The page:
Assistant Arts and Entertainment Editor
Japan’s “Shingeki no Kyojin” comes to the U.S. as “Attack On Titan” in English this spring.
The premiere of the English dub will be released at Anime Boston this weekend. Funimation released the names of the American voice actors last week, with big names such as J. Michael Tatum (voice of Zarbon from Dragon Ball Z: Kai), Christopher Sabat (voice of Roronoa Zoro from One Piece) and Michael McFarland (voice of Cain Nightroad from Trinity Blood).
The voice actors for Eren Yeager and Armin Arlert have not been released, but that knowledge will come with the premiere.
“Attack on Titan” started April 7, 2013 and ended five months later on Sept. 29. It became extremely popular during the duration of the series, and sparked a huge fanbase.
The series is about a world with these creatures called “Titans,” that resemble humans in appearance, but can range from 10 to 200 feet tall. They also have an appetite for humans, but they can’t digest them—the humans are being killed just for sport.
Most of the Titans aren’t capable of a thought process besides seeking out humans, and don’t attack any other life form besides humans.
Where the story starts, it had been hundreds of years since the Titans had appeared, and they wiped out the entirety of the human race, which forced them to retreat behind massive walls that protected them from being attacked.
The remainder of the human race had been safe until one day, a Titan that was taller than the walls, kicked a hole in the wall. It let all other Titans in to the town of Zhiganshina, where Yeager, Arlert, and Mikasa Ackerman lived.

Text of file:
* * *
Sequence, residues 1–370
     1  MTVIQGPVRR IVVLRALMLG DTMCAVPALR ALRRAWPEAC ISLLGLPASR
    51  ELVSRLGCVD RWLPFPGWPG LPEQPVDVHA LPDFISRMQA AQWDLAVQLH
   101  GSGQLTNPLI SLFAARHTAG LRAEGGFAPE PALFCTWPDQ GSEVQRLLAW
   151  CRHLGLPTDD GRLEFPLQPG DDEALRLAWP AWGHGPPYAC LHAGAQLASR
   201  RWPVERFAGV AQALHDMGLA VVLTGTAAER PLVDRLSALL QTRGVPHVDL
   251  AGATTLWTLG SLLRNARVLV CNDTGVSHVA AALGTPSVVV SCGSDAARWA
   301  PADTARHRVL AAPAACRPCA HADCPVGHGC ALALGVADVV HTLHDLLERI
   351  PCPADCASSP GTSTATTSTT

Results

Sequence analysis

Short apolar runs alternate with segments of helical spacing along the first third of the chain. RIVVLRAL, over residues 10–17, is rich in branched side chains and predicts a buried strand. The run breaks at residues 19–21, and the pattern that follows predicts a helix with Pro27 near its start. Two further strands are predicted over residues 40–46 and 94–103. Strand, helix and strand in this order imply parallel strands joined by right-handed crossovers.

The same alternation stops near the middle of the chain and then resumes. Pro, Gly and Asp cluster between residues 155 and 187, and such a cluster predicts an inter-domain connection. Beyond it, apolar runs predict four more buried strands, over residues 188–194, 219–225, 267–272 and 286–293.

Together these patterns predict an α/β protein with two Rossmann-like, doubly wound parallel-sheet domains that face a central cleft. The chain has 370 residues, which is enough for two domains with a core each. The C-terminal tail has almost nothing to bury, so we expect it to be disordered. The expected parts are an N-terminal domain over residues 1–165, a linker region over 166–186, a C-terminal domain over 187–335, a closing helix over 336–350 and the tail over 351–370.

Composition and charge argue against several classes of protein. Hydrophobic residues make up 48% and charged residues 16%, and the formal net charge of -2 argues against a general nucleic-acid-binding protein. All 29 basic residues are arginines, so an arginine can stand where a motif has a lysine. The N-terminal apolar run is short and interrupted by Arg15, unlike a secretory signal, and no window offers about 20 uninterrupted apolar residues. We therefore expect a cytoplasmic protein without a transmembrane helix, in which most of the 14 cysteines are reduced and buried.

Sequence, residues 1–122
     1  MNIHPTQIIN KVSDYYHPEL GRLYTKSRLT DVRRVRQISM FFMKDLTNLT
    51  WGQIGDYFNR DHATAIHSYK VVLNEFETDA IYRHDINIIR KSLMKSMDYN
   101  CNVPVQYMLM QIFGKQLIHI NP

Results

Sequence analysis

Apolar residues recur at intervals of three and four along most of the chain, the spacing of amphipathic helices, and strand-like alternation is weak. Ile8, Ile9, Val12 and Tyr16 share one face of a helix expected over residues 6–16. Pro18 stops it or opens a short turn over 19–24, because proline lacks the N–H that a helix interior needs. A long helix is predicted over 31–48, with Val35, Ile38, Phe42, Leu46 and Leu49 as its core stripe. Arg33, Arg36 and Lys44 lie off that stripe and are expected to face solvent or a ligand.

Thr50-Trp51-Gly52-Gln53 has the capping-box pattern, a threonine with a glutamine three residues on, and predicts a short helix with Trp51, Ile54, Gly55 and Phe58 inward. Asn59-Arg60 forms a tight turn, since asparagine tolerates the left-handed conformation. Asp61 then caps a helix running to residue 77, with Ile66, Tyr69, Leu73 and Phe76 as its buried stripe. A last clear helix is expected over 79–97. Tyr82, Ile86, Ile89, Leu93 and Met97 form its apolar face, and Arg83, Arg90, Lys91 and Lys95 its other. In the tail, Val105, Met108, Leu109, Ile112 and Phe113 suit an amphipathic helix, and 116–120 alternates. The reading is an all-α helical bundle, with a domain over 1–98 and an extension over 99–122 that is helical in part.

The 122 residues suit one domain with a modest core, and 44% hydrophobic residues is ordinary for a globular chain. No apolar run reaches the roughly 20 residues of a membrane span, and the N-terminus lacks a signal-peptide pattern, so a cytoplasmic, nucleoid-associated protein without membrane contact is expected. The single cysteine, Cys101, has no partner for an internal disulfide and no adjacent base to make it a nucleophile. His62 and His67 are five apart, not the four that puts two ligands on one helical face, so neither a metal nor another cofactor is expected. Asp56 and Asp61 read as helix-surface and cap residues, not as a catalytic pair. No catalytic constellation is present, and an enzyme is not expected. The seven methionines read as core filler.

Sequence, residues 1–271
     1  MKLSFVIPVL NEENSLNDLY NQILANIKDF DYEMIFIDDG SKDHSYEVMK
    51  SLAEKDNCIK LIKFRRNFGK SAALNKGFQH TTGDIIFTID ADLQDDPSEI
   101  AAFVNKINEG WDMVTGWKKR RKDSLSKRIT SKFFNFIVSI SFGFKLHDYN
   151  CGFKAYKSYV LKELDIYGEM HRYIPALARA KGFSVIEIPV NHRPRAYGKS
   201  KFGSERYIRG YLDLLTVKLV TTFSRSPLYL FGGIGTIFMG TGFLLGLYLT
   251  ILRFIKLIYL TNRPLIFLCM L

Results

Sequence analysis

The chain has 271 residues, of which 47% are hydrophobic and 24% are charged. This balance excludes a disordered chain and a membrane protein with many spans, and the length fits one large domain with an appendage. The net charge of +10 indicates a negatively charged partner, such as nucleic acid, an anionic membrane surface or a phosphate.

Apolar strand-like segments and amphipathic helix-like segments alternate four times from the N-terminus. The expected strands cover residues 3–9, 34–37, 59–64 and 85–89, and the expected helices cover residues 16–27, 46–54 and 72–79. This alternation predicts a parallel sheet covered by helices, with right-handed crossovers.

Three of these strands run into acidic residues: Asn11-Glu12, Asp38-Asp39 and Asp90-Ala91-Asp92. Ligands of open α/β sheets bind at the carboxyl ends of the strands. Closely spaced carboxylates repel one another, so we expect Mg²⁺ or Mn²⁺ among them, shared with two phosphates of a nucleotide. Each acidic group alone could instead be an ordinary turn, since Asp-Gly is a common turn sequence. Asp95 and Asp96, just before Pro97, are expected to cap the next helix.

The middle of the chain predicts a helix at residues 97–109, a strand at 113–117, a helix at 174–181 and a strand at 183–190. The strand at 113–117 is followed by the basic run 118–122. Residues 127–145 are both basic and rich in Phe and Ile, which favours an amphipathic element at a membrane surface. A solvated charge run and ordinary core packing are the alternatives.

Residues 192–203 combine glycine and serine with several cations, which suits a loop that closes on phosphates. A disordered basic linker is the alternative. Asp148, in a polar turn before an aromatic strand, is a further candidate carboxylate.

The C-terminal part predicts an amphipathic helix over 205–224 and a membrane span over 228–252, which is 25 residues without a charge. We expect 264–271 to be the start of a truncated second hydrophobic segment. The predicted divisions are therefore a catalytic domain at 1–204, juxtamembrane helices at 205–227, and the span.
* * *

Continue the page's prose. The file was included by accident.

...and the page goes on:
After that, Yeager’s mother gets killed by a Titan and Yeager swears that he’ll kill every Titan on Earth. The only way to accomplish this is to join the Scouting Regiment, and these three characters aim to join them.
The series is extremely violent, and none of the characters are safe. Japan uses cherry blossoms as a mechanism for the passage of time, but this series uses blood instead.
“Attack on Titan” has permeated the anime world, and has spread out to people who have never taken an interest in anime before.
“Movies these days are incredibly violent, so I don’t see a reason why ‘Attack on Titan’ would be look down on,” said Rad Bolt, a junior music education major, from Panama City, Fla.
People that wanted to watch the series but don’t like to watch a Japanese dub with English subtitles, will be able to finally watch the anime for themselves.